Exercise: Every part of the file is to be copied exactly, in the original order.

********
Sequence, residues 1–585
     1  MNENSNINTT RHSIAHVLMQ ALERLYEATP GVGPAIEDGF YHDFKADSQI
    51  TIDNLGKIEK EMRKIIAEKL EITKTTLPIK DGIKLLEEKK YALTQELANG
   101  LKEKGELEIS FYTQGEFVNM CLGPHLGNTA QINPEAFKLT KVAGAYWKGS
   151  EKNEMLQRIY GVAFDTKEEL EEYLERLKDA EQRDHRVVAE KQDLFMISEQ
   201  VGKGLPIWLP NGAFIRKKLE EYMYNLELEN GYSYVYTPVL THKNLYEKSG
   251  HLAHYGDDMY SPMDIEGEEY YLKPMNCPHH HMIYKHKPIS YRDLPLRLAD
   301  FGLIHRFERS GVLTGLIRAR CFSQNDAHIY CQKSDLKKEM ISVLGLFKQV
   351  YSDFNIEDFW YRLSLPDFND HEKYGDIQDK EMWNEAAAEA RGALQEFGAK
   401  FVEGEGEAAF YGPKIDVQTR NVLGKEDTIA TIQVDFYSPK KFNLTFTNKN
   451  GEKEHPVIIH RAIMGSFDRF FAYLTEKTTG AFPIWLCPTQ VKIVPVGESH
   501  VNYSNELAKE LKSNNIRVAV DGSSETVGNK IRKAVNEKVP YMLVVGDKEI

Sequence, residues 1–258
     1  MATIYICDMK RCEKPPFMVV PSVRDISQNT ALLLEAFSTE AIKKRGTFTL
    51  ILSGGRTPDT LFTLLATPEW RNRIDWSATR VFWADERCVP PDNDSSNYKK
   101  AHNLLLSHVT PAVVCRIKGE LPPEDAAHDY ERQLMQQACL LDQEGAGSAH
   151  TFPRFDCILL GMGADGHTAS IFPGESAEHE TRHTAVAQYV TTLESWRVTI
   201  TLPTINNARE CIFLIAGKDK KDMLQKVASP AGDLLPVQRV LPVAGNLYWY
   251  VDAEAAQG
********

Sequence, residues 1–585
     1  MNENSNINTT RHSIAHVLMQ ALERLYEATP GVGPAIEDGF YHDFKADSQI
    51  TIDNLGKIEK EMRKIIAEKL EITKTTLPIK DGIKLLEEKK YALTQELANG
   101  LKEKGELEIS FYTQGEFVNM CLGPHLGNTA QINPEAFKLT KVAGAYWKGS
   151  EKNEMLQRIY GVAFDTKEEL EEYLERLKDA EQRDHRVVAE KQDLFMISEQ
   201  VGKGLPIWLP NGAFIRKKLE EYMYNLELEN GYSYVYTPVL THKNLYEKSG
   251  HLAHYGDDMY SPMDIEGEEY YLKPMNCPHH HMIYKHKPIS YRDLPLRLAD
   301  FGLIHRFERS GVLTGLIRAR CFSQNDAHIY CQKSDLKKEM ISVLGLFKQV
   351  YSDFNIEDFW YRLSLPDFND HEKYGDIQDK EMWNEAAAEA RGALQEFGAK
   401  FVEGEGEAAF YGPKIDVQTR NVLGKEDTIA TIQVDFYSPK KFNLTFTNKN
   451  GEKEHPVIIH RAIMGSFDRF FAYLTEKTTG AFPIWLCPTQ VKIVPVGESH
   501  VNYSNELAKE LKSNNIRVAV DGSSETVGNK IRKAVNEKVP YMLVVGDKEI

Sequence, residues 1–258
     1  MATIYICDMK RCEKPPFMVV PSVRDISQNT ALLLEAFSTE AIKKRGTFTL
    51  ILSGGRTPDT LFTLLATPEW RNRIDWSATR VFWADERCVP PDNDSSNYKK
   101  AHNLLLSHVT PAVVCRIKGE LPPEDAAHDY ERQLMQQACL LDQEGAGSAH
   151  TFPRFDCILL GMGADGHTAS IFPGESAEHE TRHTAVAQYV TTLESWRVTI
   201  TLPTINNARE CIFLIAGKDK KDMLQKVASP AGDLLPVQRV LPVAGNLYWY
   251  VDAEAAQG